NHC PTA Council Advocacy Committee:
Chairperson: Lisa T. McDow
For specific questions about the programs and opportunities listed below, contact the source directly. For advocacy committee questions about the resolution, mission statement, priorities, or establishing a school Advocacy Committee.
North Carolina PTA Advocacy
NHC Council Advocacy Resolution
5 Mistakes to Avoid at a Parent Teacher Conference
5 Keys to a Great Parent Teacher Conference
Family Resource Guide in English
Family Resource Guide in Spanish
School Improvement Team Guide
Dropout Prevention Coalition
Tools & Resources from United Way
2013 Crisis Intervention Team Conference
The Conference is $45 with no late fee.
12-19-13 (all day at the McKimmon Center at NC State in Raleigh, NC)
||North Carolina's 2013 CIT Conference
||Crisis Intervention Team (CIT) is a partnership formed to divert individuals living with mental illness from arrest through the creation of more effective interactions among law enforcement, providers, individuals with mental illness and their families. The 2013 Statewide CIT Conference will provide opportunities for collaborations that move us toward our common goals of safety, understanding and services to those with mental illness in crisis. The Keynote Speaker is Justice Evelyn Lundberg Stratton, co-founder and former co-chair of the Judges' Leadership Initiative, a professional association that supports cooperative mental health programs in the criminal justice system. Justice Stratton will share how her vision that the courts, in partnership with the mental health system, can affect positive change in the lives of many defendants whose mental illness has led to criminal activity can become a reality. The Lunch Keynote will be presented by Antonio Lambert, who will provide an honest account of an individual living with a mental illness and how his struggles with the law ultimately led to his own self-recovery. National speakers Clarke and Tracy Paris whose workshop will help police officers, police employees, and first responders to deal with the struggles associated with police work, Cumulative Stress, and Post Traumatic Stress Disorder (PTSD). Come to the 2013 Statewide CIT Conference and be inspired.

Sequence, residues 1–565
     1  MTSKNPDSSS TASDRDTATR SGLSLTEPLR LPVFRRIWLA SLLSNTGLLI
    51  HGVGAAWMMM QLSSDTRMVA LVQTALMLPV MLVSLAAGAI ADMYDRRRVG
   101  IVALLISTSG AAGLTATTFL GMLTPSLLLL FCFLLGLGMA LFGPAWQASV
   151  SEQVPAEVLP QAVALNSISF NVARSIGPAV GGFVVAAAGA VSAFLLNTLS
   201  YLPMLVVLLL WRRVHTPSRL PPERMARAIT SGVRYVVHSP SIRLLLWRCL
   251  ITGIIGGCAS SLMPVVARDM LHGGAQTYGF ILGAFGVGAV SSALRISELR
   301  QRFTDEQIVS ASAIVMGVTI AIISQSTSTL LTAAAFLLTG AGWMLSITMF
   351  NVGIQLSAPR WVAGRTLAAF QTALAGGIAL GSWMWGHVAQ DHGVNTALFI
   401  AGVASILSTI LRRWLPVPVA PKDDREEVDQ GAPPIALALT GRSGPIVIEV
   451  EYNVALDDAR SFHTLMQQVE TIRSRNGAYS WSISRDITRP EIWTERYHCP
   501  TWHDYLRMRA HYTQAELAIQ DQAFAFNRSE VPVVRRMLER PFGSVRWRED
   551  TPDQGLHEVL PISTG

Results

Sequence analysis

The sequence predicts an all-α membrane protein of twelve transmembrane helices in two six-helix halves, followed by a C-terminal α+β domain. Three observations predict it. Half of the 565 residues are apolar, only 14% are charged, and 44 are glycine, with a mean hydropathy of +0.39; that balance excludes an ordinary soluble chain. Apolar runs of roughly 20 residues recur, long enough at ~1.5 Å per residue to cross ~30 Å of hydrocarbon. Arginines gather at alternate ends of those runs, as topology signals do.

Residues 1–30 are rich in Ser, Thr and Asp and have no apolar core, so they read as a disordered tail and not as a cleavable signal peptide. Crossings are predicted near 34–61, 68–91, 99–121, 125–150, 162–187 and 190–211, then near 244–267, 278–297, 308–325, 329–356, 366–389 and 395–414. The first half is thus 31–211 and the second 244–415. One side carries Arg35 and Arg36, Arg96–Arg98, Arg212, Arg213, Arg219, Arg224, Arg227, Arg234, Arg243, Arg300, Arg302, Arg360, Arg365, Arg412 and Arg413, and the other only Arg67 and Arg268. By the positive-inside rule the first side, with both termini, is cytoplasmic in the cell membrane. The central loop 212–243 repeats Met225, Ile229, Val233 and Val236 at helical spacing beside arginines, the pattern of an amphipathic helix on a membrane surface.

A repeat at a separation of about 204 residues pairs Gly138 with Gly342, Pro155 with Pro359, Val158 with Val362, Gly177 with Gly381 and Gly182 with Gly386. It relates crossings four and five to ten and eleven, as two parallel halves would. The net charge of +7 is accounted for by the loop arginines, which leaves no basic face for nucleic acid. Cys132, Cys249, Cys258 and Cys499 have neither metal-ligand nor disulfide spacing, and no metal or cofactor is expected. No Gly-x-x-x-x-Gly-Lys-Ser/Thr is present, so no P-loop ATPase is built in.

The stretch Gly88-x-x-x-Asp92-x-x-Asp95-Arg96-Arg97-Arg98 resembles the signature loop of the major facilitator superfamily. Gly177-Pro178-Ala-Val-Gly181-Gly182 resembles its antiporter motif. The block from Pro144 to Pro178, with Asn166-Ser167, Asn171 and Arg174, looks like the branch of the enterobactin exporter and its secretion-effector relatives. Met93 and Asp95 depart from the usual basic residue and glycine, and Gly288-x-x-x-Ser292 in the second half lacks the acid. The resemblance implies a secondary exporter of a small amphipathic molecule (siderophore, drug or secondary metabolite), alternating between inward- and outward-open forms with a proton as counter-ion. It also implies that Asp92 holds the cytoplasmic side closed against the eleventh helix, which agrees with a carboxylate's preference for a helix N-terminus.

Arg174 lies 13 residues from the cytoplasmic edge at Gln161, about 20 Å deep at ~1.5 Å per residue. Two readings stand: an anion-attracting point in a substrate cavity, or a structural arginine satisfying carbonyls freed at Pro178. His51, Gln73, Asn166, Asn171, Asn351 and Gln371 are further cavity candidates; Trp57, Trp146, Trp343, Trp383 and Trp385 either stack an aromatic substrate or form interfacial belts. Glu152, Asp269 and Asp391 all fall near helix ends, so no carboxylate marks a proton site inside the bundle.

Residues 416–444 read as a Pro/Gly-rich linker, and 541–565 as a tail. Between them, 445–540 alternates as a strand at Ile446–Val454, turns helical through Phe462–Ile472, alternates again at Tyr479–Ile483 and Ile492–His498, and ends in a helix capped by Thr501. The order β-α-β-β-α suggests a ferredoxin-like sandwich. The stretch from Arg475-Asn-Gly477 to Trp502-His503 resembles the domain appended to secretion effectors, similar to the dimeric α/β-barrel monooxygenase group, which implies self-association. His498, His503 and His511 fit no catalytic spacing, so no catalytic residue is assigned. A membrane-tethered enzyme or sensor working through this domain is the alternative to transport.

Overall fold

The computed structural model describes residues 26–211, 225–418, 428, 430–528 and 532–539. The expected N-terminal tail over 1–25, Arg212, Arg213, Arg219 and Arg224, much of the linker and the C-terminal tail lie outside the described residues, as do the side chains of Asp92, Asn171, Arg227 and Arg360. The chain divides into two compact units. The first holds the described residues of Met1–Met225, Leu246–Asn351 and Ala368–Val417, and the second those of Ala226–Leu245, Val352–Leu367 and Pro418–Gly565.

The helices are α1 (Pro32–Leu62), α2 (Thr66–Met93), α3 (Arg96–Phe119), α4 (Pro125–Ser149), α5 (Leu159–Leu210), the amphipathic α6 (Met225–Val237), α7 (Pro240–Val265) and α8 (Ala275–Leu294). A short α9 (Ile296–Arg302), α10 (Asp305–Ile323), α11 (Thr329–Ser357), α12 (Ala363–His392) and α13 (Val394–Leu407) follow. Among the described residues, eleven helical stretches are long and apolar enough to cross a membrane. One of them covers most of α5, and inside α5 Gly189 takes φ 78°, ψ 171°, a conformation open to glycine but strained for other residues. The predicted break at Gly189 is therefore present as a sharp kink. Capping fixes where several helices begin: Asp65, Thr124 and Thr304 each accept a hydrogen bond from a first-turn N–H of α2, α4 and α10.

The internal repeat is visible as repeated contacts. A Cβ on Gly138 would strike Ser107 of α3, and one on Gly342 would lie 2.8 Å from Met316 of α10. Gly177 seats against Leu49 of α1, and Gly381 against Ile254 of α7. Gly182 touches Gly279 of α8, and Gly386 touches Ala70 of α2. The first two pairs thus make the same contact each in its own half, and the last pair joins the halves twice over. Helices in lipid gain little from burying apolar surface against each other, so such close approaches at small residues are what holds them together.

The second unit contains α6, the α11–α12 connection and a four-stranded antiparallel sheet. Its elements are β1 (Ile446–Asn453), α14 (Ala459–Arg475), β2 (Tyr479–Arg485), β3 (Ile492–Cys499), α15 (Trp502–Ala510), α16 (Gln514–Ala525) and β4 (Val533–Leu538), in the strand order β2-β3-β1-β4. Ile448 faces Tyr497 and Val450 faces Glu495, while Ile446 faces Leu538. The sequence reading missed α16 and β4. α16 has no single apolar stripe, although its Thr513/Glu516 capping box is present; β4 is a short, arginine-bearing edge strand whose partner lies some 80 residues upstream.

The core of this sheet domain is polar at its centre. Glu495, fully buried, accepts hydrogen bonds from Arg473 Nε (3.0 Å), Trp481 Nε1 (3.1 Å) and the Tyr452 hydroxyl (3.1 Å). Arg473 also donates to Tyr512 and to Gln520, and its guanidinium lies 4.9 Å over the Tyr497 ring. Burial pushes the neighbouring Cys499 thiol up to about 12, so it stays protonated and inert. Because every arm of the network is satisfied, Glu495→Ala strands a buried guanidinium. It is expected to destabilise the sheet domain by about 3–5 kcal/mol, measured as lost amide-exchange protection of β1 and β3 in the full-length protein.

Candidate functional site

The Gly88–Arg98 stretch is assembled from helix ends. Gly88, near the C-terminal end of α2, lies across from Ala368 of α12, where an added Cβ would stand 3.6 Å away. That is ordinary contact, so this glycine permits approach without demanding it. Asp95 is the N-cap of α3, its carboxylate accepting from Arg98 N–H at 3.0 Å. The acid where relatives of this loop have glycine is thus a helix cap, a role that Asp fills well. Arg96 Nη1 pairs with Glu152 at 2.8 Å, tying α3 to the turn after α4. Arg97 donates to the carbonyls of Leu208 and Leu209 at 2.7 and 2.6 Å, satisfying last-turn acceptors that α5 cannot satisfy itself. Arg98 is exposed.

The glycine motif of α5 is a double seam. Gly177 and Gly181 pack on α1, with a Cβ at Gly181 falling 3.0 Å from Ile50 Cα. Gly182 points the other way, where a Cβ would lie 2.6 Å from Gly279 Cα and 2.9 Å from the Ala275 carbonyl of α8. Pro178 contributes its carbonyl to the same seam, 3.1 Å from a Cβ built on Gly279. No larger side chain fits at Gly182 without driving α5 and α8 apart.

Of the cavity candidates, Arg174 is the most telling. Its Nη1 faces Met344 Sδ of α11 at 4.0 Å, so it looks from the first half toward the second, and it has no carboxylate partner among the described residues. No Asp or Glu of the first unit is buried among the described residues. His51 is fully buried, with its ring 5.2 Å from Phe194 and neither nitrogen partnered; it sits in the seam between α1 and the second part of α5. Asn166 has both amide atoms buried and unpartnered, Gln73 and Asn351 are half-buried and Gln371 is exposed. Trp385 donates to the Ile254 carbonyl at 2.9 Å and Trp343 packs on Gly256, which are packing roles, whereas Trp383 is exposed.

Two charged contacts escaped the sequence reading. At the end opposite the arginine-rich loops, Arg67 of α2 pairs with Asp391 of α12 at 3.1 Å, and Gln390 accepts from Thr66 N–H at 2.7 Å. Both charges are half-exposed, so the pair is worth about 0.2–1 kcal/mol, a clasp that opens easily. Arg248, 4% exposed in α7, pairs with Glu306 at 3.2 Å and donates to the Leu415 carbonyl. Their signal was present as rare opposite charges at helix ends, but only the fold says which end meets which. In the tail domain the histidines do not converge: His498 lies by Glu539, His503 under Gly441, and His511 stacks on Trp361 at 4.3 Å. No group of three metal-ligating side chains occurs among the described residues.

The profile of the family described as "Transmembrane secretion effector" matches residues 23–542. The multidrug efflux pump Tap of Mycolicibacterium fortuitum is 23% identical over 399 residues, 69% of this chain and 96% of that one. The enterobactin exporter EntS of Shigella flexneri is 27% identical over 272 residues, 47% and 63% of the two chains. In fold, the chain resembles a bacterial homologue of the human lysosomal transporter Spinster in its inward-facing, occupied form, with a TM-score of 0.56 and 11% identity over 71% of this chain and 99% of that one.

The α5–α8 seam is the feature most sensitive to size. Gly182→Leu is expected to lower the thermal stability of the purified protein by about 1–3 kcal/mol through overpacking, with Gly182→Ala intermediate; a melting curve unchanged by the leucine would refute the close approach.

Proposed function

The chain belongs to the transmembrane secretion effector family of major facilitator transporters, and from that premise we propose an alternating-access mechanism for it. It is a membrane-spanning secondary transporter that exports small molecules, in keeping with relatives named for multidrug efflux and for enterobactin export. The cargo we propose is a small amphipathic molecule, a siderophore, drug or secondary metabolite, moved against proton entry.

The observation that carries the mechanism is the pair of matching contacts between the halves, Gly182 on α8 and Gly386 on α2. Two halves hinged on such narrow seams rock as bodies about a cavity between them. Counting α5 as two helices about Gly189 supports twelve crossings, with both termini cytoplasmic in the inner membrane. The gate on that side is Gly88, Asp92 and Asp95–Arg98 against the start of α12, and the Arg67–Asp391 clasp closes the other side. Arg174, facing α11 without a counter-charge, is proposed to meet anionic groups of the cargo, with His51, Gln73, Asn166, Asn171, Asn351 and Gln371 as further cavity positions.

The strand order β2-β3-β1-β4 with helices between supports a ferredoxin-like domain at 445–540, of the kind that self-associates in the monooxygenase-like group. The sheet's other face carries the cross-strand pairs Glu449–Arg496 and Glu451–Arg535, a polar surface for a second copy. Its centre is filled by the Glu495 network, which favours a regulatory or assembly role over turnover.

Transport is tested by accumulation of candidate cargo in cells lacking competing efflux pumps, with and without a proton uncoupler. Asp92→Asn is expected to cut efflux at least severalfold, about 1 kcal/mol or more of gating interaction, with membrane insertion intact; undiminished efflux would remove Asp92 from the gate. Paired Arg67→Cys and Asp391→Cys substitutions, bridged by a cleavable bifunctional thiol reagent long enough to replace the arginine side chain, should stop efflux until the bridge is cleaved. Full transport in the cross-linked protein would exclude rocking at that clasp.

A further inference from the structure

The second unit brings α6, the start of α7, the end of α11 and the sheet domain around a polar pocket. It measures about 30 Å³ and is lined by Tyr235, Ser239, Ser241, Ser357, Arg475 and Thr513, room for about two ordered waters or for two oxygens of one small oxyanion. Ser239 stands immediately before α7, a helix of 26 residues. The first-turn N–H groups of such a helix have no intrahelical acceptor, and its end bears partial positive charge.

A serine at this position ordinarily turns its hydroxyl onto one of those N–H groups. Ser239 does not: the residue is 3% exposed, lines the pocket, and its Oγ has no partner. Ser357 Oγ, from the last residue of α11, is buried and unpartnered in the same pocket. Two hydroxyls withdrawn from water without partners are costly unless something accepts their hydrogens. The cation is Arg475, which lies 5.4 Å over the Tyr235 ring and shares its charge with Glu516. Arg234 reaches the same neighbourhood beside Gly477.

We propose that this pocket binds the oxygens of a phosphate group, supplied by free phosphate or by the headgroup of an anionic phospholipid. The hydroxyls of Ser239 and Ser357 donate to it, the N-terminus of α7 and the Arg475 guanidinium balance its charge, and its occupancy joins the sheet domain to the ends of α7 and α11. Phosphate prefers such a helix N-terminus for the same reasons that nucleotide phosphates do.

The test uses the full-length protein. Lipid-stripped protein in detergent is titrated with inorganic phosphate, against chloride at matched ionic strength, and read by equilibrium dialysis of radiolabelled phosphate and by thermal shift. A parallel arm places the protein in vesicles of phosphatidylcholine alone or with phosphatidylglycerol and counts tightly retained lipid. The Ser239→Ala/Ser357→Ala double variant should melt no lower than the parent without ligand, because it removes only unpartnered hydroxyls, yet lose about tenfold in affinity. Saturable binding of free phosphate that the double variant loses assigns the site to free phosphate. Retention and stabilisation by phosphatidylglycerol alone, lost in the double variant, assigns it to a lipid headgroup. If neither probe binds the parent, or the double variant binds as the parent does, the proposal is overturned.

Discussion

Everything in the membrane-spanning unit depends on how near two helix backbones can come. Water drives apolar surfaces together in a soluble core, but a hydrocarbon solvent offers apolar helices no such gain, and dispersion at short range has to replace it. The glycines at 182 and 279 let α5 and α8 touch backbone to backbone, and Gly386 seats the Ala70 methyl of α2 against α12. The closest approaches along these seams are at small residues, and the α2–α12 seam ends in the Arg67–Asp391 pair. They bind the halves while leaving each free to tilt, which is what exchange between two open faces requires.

||Local and state law enforcement officers, judges, attorneys, court personnel, probation officers, city and county officials, crisis responders, school resource officers, psychologists, clinical social workers, marriage and family therapists, pastoral counselors, substance abuse counselors, school administrators, school counselors, clergy, teachers, school support staff, mental health advocates, individuals affected by mental illness and their families and others interested in this subject
Free Hands-on Science Resources
Visit the site to see ten new hands-on activities and corresponding videos for grades K-6.
Volunteer Spot - Website for organizing volunteers
Personal Education Plans
How PEPs can help struggling students achieve academic success in an effort to ensure that all children get a quality education, North Carolina administers end-of-grade (EOG) and end-of-course (EOC) tests.These tests are designed to determine if each student has learned what he needs to know to move to the next grade. They also help identify students who need extra attention.